6 tips on sustainability from Nola’s first refill bar

Here’s how to reduce, reuse and recycle in the Crescent City

Sustainability, the avoidance of the depletion of natural resources in order to maintain an ecological balance, is something we should all take seriously. In 2018, the EPA estimated that 14.5 million tons of one-use plastic containers and packaging ended up in landfills. Small items such as dental floss, package wrappers, trash bags, cups and utensils lead to excess waste that many of us don’t think about, on a daily basis. In addition, clothing is piling up in landfills, as well. Eighty-five percent of textiles, or 13 million tons of trash ended up in landfills in 2017.

How to start on the path to sustainability

Reducing our waste can be done with some easy steps. To get some ideas, I spoke with Sarah Andert, owner of Vintage Green Review, a sustainability shop, at 3530 Magazine St., that sells vintage-inspired, sustainable, plastic-free, eco-friendly products for a low waste lifestyle.

“The biggest thing people forget is that there are three ‘R’s: reduce, reuse and recycle,” Andert said. “Most people jump right into recycling and hope for the best. Most important are the first two ‘R’s. Reduce your use of single-use plastics and waste, and reuse what you can. Recycling has become a sort of crutch; people just throw things into the bin and hope for the best. Single-use plastic is fairly new. There was a time when it wasn’t so prevalent. We can retrace our steps and start to undo what we’ve done.”

At Vintage Green Review, Andert sells items such as reusable paper towels, plant-based floss, bamboo cutlery, metal straws and vintage glassware and kitchenware. She also offers fill and refill services, where you can bring your own container and fill up with hand soap, laundry soap, shampoo and more.

So how can you be sustainable in your own life? Here are a few tips to get you started on your journey.

1. Reuse and refill existing containers: Rather than buy new plastics filled with product, refill containers you already have. Don’t be afraid to start small- using a refillable water bottle can save as much as 1,460 plastic bottles a year! Reusing containers will also save you money, so now is a great time to start cutting back.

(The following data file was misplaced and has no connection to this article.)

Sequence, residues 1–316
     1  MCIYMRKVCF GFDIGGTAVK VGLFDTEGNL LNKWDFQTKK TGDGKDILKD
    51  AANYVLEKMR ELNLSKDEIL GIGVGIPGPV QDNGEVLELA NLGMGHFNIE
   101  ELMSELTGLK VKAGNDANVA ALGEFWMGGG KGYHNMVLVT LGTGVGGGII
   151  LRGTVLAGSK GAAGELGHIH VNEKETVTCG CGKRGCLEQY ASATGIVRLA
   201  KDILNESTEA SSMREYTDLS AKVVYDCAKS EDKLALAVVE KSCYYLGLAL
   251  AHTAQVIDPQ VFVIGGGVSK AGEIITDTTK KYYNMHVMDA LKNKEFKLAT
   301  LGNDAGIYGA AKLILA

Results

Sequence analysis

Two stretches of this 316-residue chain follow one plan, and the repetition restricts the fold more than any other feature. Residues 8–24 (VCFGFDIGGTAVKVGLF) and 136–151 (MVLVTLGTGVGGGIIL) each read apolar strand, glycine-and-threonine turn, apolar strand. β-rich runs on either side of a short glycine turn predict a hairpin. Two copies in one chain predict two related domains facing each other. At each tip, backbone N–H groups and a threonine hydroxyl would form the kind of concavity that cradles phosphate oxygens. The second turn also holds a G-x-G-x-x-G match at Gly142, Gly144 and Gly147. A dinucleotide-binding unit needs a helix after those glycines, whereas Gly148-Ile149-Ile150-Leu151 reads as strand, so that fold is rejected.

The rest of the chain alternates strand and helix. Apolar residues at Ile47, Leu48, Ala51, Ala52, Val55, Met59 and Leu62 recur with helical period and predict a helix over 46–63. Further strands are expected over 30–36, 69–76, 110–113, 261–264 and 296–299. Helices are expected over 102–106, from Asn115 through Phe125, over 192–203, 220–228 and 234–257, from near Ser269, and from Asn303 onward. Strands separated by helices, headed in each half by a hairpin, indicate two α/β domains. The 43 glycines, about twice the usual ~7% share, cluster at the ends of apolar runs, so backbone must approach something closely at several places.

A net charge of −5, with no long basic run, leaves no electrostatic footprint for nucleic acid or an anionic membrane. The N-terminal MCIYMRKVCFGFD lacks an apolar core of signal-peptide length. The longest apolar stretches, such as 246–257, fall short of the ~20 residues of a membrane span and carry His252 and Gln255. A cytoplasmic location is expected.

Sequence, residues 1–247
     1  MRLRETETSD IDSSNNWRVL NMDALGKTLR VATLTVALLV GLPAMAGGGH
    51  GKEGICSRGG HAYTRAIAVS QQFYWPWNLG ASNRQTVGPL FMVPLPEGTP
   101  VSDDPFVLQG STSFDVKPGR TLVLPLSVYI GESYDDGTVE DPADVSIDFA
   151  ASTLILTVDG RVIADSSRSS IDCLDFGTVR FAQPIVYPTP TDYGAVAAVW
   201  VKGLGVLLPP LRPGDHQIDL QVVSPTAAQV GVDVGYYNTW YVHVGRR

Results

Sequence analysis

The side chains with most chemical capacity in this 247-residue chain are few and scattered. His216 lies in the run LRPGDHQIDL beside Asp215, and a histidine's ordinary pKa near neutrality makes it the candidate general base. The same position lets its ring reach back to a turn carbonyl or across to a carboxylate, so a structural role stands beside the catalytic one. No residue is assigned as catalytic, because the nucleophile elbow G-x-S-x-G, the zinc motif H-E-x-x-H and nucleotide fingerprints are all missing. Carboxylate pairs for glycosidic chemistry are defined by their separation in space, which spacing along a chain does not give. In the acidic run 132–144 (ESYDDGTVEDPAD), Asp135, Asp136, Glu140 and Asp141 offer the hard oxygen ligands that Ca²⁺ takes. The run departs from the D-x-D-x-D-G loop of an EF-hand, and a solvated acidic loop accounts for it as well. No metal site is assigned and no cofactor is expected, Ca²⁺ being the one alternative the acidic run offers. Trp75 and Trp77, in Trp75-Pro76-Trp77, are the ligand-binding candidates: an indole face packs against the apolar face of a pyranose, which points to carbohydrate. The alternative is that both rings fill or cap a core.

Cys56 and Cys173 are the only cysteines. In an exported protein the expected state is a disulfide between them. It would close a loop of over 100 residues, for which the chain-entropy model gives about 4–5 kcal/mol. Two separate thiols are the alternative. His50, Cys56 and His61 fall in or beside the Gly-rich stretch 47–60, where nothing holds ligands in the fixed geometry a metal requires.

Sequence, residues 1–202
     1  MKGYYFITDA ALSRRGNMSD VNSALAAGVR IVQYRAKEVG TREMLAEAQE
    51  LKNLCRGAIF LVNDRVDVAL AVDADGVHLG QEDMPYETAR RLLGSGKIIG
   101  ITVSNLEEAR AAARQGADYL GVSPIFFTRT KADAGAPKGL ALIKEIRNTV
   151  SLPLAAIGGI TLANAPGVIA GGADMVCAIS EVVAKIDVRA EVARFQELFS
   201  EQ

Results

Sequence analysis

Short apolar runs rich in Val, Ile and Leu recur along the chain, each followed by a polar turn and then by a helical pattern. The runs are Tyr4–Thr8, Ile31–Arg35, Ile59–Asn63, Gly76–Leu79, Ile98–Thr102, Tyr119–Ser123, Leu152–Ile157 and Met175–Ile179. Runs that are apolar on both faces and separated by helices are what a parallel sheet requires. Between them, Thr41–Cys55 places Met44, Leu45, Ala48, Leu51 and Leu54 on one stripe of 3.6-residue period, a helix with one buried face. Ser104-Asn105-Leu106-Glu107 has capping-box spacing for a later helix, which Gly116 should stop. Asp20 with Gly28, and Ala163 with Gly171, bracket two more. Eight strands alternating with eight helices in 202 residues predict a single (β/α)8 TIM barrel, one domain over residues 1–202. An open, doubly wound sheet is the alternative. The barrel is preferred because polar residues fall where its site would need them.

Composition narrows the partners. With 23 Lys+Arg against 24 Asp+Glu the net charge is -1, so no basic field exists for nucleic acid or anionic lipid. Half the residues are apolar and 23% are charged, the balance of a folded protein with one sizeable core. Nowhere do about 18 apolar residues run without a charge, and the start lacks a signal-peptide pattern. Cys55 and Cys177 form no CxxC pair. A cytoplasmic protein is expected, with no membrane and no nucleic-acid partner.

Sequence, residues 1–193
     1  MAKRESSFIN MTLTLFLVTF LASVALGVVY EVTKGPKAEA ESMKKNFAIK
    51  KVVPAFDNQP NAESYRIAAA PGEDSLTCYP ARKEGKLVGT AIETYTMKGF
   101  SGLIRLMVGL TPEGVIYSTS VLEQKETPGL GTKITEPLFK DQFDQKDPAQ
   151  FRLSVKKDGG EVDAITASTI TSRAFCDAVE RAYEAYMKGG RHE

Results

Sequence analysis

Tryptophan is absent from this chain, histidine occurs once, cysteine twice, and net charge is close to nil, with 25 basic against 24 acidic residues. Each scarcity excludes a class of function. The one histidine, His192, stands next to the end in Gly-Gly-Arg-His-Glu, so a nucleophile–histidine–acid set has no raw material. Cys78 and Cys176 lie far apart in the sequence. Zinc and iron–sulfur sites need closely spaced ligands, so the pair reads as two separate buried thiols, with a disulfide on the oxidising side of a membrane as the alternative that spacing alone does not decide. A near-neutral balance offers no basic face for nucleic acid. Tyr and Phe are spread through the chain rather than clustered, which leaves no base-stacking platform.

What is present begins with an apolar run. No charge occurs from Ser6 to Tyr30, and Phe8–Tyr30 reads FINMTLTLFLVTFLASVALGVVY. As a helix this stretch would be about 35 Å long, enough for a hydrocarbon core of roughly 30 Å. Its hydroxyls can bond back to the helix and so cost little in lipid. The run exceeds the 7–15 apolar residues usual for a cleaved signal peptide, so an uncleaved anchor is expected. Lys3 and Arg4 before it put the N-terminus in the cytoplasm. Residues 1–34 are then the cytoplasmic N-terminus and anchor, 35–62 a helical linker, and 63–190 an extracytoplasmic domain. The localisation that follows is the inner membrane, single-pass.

2. Buy basic housewares second hand: Thrift stores and second hand shops have entire sets of dishes, cookware and utensils, usually at low prices. Estate sales are also a great place to find deals on kitchenware and everyday things needed for the home.

3. Understand the limitations of plastic recycling and find alternate ways to reuse or recycle: Familiarize yourself with what belongs in the recycle bin and what doesn’t. Andert said that a lot of recycling is “hopeful” recycling, where people throw everything in and hope it will end up in the right place. The fact is, putting items that aren’t recyclable in your bin can contaminate the whole batch. When recycling plastics, look out for items marked with a “1” or “2”; those are the items that can be recycled, locally. Unfortunately, a lot of plastic takeout containers aren’t recyclable, but they end up in bins anyway. Research into where you can recycle other items such as glass or batteries. At Vintage Green Review, they accept disposable razor blades for recycling, through the TerraCycle program.

4. Swap out supplies (cleaning, personal care, kitchen) for plastic-free versions– While it may be hard to find a shampoo bottle not made of plastic these days, other items you use every day have non-plastic alternatives. Plant based dental floss and bamboo toothbrushes reduce plastic in the bathroom. Next time you’re stocking up on storage containers for the kitchen, reach for glass instead of plastic. Lots of cleaning products are available in tablet or powder form, instead of liquid, which reduces plastic. However, before you throw your plastic into the recycle bin, be sure you use it up. In other words: if you already have plastic dental floss, finish using it before switching to a plant-based alternative.

5. Buy second-hand and vintage clothing– This is one of my favorite ways to reduce waste. Avoid fashion trends, and clothing that will only last a year, and hit those thrift stores! I try to do most of my shopping at thrift stores and I’m always surprised at how much people donate; so much of the clothing looks like new. Andert said that a lot of clothing ends up in landfills, even after being donated, because there’s just so much of it. Local shops such as Rickracknola accept clothing donations for repurposing. Thredup, an online thrift store, is a good place to check if you’re looking for something specific and you’re unable to find it in your area.

6. Composting: This is something my grandmother used to do, because it was easy and she loved gardening. Composting is the process of recycling organic materials and letting them break down into something you can use. So much food waste goes to landfills, when it can be going towards your compost. So, what goes into a compost? According to Eden Project, vegetable peelings, fruit waste, teabags, plant prunings, eggshells and grass cuttings are a good start. Be sure to add things that grow or are produced naturally (no plastics, glass or metals). Not only is this a great way to keep food waste out of landfills, but the nutrient-rich compost can go back into your garden. No space in your yard? Get a countertop compost bin.

These tips are a great start on being more sustainable. Remember to take it slow and, before you know it, you’ll be amazed at how much waste you’ve been able to reduce.

Cover Photo Courtesy Sarah Becker, Vintage Green Review